I’ve been doing my own taxes for nearly 20 years now, so my tax related knowledge has been given time to grow and evolve slowly over those two decades. I have added to and built this knowledge a little bit at a time, moving from a 1040EZ form in my teen years, to a regular 1040 with multiple schedules and attachments these days.
While I’m not claiming to be a tax professional by any means, I’ve found that having knowledge regarding certain aspects of my personal finances, helps to do my own taxes each year.
The Ability to Follow Directions
Sure, following direction sounds simple right? But for many people (especially some men I know) it’s not that easy. They’d prefer to just jump into a project without reading the instructions, and doing that with one’s taxes could lead to some major issues.
I methodically read the directions for most steps involved in our state and federal taxes each and every year. Just because I assume the steps will be the same as last year, doesn’t mean they will be, and even if they’re similar, even a slight variation could throw my numbers off or cost me a valuable deduction if I’m not paying attention and aware of the instructions.
Knowing our family’s own financial situation also helps me do my own taxes. Again, this might sound like common sense; however, having a good grasp upon things like our overall combined income, investment returns, and possible deductions we might be eligible for such as mortgage interest, student loan interest, child credit, self-employed health insurance premiums, and similar items, makes it easier when tax time comes to gather all such information together and ensure that I have everything ready and prepared before I begin.
Not having to scramble at the last minute to collect all of our tax information and documentation certainly makes things a little easier come tax time. By keeping up with tracking and retaining information related to income (since I’m self-employed), taxes owed, deductions related to charitable donations, business expenses, and similar items, and keeping such information in an easily located and reviewable file, I make my tax life come year’s end, just a little easier to handle.
Keeping Up with the Tax Code
While I don’t spend hours studying the U.S. tax code each year, I do pay attention when I read about adjustments to certain items that may affect the taxes we pay. For example, the payroll tax reduction has paid off by boosting our income, and it will make a difference in the amount I withhold as a self-employed individual. Also, there was an increase in the Illinois income tax rate from 3 percent to 5 percent this past year, which might not seem like a lot, but it’s a 66 percent increase over the previous year, so it could mean a big bump up in how much we pay.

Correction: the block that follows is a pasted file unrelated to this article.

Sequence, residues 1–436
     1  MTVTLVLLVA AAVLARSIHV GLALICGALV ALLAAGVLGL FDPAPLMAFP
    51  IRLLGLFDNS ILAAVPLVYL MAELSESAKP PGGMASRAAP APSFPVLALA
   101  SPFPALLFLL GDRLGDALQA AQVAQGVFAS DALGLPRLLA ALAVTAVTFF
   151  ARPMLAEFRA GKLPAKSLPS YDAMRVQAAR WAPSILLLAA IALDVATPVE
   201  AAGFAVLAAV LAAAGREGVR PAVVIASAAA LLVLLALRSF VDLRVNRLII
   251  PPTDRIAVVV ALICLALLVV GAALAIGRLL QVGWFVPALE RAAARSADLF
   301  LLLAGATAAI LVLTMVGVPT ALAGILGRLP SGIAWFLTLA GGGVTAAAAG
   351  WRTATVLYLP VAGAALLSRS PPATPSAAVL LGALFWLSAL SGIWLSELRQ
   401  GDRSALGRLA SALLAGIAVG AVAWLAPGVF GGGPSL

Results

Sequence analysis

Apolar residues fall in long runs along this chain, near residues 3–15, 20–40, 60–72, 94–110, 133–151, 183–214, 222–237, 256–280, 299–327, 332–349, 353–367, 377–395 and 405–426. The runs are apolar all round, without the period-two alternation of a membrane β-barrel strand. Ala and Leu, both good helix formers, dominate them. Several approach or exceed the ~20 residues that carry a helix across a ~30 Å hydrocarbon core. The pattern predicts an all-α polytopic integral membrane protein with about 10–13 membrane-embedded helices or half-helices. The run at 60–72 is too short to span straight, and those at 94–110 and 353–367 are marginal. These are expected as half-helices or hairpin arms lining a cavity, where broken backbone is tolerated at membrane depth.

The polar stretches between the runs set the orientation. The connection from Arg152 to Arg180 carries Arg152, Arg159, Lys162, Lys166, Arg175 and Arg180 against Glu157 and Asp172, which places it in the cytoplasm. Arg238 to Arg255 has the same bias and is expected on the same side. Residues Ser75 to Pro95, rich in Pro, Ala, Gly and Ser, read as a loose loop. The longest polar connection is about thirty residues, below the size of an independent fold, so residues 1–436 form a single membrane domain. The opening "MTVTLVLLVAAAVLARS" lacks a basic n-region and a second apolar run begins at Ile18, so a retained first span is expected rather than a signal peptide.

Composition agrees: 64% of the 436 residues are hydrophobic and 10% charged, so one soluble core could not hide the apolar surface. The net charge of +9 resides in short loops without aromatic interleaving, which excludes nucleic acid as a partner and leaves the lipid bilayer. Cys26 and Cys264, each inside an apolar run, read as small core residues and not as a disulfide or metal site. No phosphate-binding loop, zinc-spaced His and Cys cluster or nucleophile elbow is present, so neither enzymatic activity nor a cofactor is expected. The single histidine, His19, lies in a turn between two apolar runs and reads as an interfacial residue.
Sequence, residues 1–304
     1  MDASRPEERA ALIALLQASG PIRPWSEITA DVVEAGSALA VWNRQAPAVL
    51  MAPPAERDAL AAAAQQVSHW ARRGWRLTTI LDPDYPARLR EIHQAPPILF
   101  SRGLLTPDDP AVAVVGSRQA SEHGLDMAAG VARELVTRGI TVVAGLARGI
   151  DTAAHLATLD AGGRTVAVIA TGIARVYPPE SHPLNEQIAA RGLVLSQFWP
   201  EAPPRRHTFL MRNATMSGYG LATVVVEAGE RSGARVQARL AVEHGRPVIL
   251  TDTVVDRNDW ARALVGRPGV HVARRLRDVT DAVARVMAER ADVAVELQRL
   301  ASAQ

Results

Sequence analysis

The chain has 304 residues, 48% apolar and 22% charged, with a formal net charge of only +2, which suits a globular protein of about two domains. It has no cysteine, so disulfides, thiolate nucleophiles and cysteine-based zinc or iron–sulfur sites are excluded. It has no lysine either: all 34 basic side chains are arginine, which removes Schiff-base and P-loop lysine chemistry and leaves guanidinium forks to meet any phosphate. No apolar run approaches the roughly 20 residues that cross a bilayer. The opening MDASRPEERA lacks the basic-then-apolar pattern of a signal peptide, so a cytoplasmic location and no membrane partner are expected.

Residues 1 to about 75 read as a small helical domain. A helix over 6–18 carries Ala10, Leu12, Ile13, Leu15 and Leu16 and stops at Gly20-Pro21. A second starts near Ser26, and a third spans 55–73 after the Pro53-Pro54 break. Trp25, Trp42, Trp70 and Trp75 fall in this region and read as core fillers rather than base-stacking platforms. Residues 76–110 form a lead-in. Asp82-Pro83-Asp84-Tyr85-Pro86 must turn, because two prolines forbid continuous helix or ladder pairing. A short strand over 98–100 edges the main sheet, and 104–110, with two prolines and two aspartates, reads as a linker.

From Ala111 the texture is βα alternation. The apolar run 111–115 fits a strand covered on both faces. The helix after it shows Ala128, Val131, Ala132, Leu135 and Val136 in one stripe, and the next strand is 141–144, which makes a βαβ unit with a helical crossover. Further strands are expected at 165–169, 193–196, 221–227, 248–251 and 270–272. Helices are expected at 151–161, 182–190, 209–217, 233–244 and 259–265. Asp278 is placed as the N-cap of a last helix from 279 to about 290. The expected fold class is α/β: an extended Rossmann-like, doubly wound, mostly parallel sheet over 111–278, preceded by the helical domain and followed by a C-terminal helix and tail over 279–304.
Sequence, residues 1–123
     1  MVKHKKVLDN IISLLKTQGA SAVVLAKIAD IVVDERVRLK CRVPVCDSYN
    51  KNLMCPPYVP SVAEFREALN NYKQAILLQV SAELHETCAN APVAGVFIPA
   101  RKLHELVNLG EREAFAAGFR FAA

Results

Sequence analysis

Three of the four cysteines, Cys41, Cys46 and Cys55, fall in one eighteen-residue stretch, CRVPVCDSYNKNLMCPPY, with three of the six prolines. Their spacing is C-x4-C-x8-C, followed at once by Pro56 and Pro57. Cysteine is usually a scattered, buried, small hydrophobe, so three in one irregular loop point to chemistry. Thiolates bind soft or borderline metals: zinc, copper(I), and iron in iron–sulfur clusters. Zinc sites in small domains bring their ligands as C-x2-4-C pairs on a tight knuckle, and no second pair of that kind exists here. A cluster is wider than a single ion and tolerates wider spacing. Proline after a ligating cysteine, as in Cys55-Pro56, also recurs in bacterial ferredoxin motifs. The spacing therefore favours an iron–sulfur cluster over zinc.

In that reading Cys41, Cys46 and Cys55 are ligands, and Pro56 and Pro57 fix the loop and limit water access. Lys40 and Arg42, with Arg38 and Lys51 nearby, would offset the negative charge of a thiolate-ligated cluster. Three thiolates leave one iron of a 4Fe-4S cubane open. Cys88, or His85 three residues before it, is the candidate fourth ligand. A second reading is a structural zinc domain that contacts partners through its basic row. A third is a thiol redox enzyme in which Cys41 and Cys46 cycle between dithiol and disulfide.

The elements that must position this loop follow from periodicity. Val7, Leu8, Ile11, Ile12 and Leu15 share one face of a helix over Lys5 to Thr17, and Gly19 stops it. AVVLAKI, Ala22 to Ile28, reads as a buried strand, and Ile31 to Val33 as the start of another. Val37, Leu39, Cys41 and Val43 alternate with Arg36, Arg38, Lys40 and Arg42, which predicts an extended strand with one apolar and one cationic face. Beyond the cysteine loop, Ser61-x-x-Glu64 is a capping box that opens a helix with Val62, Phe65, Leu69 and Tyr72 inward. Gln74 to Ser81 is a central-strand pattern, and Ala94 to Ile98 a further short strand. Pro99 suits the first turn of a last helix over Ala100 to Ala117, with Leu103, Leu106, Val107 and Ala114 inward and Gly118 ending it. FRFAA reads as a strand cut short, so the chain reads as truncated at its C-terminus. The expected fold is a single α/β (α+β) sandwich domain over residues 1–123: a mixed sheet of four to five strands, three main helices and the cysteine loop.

Having a grasp upon such changes as they occur takes some of the surprise out of tax time when I suddenly realize that certain things may have changed — either for the better or worse — compared to last year.
Having a Tax Background
No, I don’t have an education related specifically to taxes or tax law, but by doing my own taxes since I was a teenager, over time I’ve evolved my tax education as my tax needs and situation evolved.
Starting doing my taxes at a young age — when my tax situation was much simpler to understand and handle — built confidence in being able to complete the task of doing my own taxes each year and took some of that fear that many people encounter with completing such a task, out of the equation. Every year, I’ve had to learn something new relating to my taxes, which was nice in a way since it didn’t come as a shock having to learn it all at once. As my tax requirements grew and evolved, so did my tax background, which allowed me to build my knowledge regarding a variety of tax issues over the years.
I’ve already helped one of my brother-in-laws start to learn how to do his taxes, and I plan to start my own son on a similar path to mine early on so that he’s competent to do his own taxes as well.
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The author is not a licensed financial or tax professional. The information provided in this article is for informational purposes only and does not constitute legal, financial or tax advice. Any action taken by the reader due to the information provided in this article is solely at the reader’s discretion.